Much Ado About Nothing - A Feminist Perspective Essay examples

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A Feminist Perspective of Much Ado About Nothing



Much Ado About Nothing, though a critically acclaimed play, seems to be truly a fuss of trivial details and sexist thinking. The title fits the play itself, in the sense that it is a case of a great amount of nothing, which perhaps can be assumed to be a mistake on William Shakespeare's part.

The characters in the comedy are not realistic, and those that could have been were transformed throughout the course of events depicted. The most trouble with the play, however, seems to come from the representation of the female characters, particularly in comparison with the males. It seems almost that the female characters are written off, rather than merely written out. The male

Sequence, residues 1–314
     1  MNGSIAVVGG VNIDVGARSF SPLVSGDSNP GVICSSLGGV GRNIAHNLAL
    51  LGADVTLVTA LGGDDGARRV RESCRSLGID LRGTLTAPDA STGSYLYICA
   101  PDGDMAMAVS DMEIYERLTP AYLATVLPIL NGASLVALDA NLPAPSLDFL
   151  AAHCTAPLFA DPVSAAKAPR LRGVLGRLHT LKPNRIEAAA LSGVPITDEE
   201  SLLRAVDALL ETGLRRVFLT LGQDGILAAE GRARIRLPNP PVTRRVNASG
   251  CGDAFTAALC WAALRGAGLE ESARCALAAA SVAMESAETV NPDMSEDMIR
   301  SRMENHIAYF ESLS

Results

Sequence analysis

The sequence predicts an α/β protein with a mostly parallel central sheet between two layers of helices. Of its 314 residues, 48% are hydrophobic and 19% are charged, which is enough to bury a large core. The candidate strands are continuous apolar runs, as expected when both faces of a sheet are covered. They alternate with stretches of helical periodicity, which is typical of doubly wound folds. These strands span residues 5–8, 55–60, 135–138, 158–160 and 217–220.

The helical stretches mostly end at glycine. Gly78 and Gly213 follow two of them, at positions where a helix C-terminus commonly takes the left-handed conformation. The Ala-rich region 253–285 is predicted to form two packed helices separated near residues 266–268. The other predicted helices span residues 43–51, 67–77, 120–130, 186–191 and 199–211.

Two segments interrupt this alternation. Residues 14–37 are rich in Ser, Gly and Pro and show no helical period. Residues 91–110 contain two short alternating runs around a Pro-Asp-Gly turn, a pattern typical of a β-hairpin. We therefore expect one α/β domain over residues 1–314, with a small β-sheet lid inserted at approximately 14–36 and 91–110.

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Beatrice begins in the comedy as an outstanding example of a sharp-witted female. She is candidly funny, and brutally honest. She calls people as she sees them, though it might be offensive to those she chooses to observe. For instance, when she spars with Benedick, she hits him exactly where she knows it will hurt - his large ego. "Why, he is the Prince's jester, a very dull fool," (II, i, 130-131) she says of Benedick, to his face. In this statement, she is mocking his ability at verbal sparring, as well as turning his own intelligence into an amusement for the Prince, and whomever may be an audience for it at the time. Later in the play, however, Beatrice's intelligence is lessened greatly. Her character is made into that of the stereotype of an Elizabethan woman: easily gulled, and quick to fall in love. When she hears the planned conversation between Hero and Ursula, she immediately changes her entire thinking of Benedick. Soon she even believes that she loves him, in return for the sentiments she was made to believe he shared. This transition from sharp wit to the type of gossip that believes every bit of hearsay is difficult to believe in any character, even a Shakespearean one. When Beatrice finally succumbs to this "love" for Benedick, and betrays her own convictions against marriage, the metamorphosis is complete. Only the shell of a once potentially brilliant character…